Tuesday, March 27, 2007

His Royal Highness

I don't have type 1 diabetes like many of you do. I don't know what it feels like to be up high or down low. I cannot feel the sting of insulin or the discomfort of going from 50 to 400 in a matter of minutes. But I value your vivid and heart-wrenching descriptions of "how it feels" more than you know. Charlie is only 5. He can't describe it like you do. The pain I feel is different. It hurts in different places.

Friday night was a horrible night of high blood sugars for Charlie. We couldn't bring him down all night. When you expect to see 150 or 180, numbers like 344 just reach in and twist your innards. 5 – 4 – 3 – 2 – 1 …. FUCK!

So we put our faith in the correction. We correct and pray that the pump does its thing - that everything does what it's supposed to do. We pray that in an hour, he'll start to come down. Waiting, though, is excruciating. The waiting tears apart your stomach. It makes me want to crawl inside his blood stream like an insane, militant, sweat suit wearin', vein-poppin', whistle-blowin', beer-gutted, spit-flyin' high school football coach. Or better yet, ex-Pittsburgh Steelers coach Bill Cowher.



Insulin: insulin


Insulin: insulin


Insulin: insulin


An hour later, I test him. 5 – 4 – 3 – 2 – 1 ….. FUCK!


We recently moved our bedroom to the third-floor attic due to the accumulation of all these kids. I talk to Susanne via the baby monitor. Surely she heard my "FUCK" through the monitor and knows it's not good. "He's 347," I say almost robot-like towards the white plastic receiver. "I'll test for ketones."

The big red plastic Dixie cup reminds me of warm, watery beer and drinking games; standing in a long keg line at fraternity and sorority parties so many years ago.

Now I'm pressing his itty bitty junk down like it's a faucet on full blast, using the red cup to collect a hot, rapid stream of pee from a 5 year old at 2 in the morning. My hand warms. I hold my breath as it slows to a final drip just before reaching the brim. He has slight ketones. The site looks fine and it was fine earlier in the day. Of course we consider changing the site, but Charlie's blood sugar skyrockets for hours after site changes. We don't want to compound the problem, so we give the site and his pump one last chance to redeem itself.

One hour later.

Susanne takes the next blood sugar check as I listen to the baby monitor from the attic. The creaking of Susanne's footsteps breaks the white noise hum coming from the monitor.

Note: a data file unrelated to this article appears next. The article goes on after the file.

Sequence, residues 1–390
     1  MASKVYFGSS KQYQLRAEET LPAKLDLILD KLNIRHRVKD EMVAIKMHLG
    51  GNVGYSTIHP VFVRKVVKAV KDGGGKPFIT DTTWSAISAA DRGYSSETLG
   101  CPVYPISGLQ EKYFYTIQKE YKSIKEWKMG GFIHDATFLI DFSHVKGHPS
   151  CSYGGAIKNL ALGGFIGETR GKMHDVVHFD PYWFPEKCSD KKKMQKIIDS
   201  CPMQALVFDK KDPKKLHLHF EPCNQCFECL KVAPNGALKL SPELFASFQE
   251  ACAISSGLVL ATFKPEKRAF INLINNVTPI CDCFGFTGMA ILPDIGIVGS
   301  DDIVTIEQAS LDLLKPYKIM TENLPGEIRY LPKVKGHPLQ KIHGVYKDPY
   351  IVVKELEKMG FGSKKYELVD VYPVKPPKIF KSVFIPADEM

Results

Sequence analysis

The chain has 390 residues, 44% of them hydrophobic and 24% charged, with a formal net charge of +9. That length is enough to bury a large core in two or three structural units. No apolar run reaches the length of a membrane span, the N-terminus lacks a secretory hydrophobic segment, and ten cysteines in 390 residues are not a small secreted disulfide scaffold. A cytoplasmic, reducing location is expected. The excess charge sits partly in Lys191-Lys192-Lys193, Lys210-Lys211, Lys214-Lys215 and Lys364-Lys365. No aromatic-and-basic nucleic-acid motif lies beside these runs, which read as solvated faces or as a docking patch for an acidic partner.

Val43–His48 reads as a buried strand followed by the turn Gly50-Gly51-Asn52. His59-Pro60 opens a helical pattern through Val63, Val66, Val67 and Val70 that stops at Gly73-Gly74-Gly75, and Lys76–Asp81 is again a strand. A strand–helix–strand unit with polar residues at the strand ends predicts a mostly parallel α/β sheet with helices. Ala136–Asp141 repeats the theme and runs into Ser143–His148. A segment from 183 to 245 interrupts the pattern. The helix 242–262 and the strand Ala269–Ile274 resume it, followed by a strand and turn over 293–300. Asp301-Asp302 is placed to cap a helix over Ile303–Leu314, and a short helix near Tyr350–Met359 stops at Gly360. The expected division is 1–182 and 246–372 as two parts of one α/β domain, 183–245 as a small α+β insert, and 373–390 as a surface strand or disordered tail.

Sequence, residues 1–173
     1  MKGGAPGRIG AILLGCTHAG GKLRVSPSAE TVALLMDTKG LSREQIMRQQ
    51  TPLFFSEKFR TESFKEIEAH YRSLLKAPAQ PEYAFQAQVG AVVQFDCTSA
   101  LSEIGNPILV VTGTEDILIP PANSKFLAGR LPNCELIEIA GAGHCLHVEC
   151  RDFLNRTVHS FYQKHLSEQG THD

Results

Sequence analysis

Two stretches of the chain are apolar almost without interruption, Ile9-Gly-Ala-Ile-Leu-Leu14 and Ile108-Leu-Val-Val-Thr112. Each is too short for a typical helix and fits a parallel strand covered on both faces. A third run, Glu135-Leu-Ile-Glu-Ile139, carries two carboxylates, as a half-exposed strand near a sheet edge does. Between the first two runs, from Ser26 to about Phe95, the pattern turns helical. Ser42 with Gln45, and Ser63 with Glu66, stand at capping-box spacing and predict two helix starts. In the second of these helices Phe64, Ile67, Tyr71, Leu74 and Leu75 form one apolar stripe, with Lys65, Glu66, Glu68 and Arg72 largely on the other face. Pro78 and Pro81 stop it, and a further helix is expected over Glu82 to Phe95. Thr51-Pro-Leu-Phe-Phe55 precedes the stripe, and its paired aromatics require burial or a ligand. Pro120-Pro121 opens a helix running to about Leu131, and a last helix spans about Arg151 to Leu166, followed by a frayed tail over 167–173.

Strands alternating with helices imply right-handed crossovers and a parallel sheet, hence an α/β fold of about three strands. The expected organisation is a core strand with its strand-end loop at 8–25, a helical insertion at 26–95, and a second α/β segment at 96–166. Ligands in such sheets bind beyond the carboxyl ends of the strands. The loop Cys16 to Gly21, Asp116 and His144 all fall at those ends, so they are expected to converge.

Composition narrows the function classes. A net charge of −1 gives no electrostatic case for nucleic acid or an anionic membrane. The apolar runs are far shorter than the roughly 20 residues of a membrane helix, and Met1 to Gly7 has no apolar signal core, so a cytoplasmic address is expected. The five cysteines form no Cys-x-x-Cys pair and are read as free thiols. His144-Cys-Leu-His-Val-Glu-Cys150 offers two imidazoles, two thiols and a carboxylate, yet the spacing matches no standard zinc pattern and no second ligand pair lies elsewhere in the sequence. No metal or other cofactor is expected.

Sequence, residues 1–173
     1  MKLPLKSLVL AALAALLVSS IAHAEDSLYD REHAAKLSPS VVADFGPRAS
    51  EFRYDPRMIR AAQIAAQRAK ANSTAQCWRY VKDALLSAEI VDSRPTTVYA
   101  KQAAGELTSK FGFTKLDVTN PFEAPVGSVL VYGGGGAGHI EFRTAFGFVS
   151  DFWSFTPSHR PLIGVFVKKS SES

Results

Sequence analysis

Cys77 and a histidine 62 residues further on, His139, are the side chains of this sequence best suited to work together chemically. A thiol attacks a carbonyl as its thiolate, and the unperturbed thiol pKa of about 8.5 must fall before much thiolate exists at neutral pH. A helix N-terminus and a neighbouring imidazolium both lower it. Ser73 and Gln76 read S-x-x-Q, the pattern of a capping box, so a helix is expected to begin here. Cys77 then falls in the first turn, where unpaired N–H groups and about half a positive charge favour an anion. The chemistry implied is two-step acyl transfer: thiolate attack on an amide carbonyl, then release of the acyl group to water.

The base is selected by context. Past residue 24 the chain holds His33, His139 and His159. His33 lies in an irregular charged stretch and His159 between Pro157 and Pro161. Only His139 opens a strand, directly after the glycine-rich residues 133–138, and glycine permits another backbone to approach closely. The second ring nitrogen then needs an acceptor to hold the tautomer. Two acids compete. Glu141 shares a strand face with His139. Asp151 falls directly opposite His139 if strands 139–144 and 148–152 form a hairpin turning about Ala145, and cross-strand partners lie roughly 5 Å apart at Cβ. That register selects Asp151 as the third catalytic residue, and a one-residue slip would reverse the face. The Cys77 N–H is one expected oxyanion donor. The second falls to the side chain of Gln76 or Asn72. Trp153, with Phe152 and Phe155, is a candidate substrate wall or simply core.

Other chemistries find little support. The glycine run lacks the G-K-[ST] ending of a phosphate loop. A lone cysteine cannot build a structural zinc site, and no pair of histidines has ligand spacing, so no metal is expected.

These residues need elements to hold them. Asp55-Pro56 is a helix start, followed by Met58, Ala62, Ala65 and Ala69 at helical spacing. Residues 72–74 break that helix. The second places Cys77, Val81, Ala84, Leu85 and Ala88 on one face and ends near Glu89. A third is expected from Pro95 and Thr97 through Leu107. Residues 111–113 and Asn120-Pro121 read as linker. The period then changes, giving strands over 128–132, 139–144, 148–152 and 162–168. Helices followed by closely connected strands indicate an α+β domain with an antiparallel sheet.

"Snap!" goes the pricker.


"Sigh" goes Susanne.


"Beeeeeeep" goes the ear thermometer.

No fever.

We decide it's time to inject with needle.

"No!" goes Charlie.

"Please hold still" goes Susanne.

I hear Susanne making her way back upstairs. I hear too much. Every little moan from Charlie. Thrashing around in his sheets. Discomfort.

I feel it in my heart. Like a slow nail through my heart.

Even the needle injection doesn't bring him down enough. Finally, one last correction brings him to 98 by the morning.

A new day brings an opposite battle. Low blood sugars all day and into the evening.

Oh, Diabetes. You are one sick bastard!

Thursday, March 22, 2007

The Muppets Take Manhattan

Tuesday, March 13, 2007

A New Glu

Step aside glucose and glucometer and glucagon. There's a new glu in town and its name is gluten.

We just learned that Susanne has Celiac disease. She'll be a glutton for gluten no more. We have spent the last few days scouring the Internet and buying books to see what she can eat and what she cannot.

Her body cannot metabolize gluten, resulting in malnutrition and a constant feeling of shittiness. To control this disease, she must eliminate all foods from her diet that contain gluten... FOREVER! Gluten is in almost everything. No bread. No beer. No fried foods. No pasta.

Susanne calls me at work.

"I'm never going to have pizza again. Never."

Sigh. "I know."

She calls again (2 minutes later).

"No hotdogs, no hamburgers, no sandwiches, no normal cereal."

Sure, there's gluten-free foods and Susanne has already been to Whole Foods. It seems the gluten-free foods are also yummy-free. It tastes like dirty rubber bands. The gluten-free foods are also very high in fat content and hard-earned dollars.

Looking at the bright side, algae, hemp, cowpea, mung bean and vodka is on the safe list for the gluten-free diet.

Susanne calls again with a much more serious tone.

"No more Christmas cookies. No more linzer tarts. No more double chocolate clusters."

Oh, gluten. This just got personal. If Susanne stops baking her cookies ... I will, I, I ... sorry. I just don't even want to imagine a world without Susanne's cookies.

What a pain in the gluteus!

If anyone out there is gluten-challenged or knows someone who is, I'd appreciate any decent recipes or tips on restaurants with gluten-free menus. I know of P.F. Chang's, Chili's and Outback Steakhouse. Thank you.

Tuesday, March 06, 2007


I'm a little late to the party on this tag from Kerri. Here it goes.

Seven Things To Do Before I Die:

1. Remember to unplug the iron.
2. Travel around the world with Susanne. Though not in a hot-air balloon.
3. See my children grown; meet my children's children.
4. Learn to snowboard; Go on snowboarding vacation with kids.
5. Write a great song. Write a great children's book.
6. Go white-water rafting along New Zealand's Kaituna River.
7. Save the cheerleader. Save the world.

Seven Things I Cannot Do:

1. Tie my shoes like an adult.
2. Snap my fingers like an adult.
3. Go one month without running out of gas.
4. Avoid sarcasm.
5. Make everyone happy. Though I try.
6. Count without using my fingers.
7. Speak publicly without nausea and loss of all motor skills.

Seven Things That Attract Me to… The Mr.

1. His red dragon tattoo.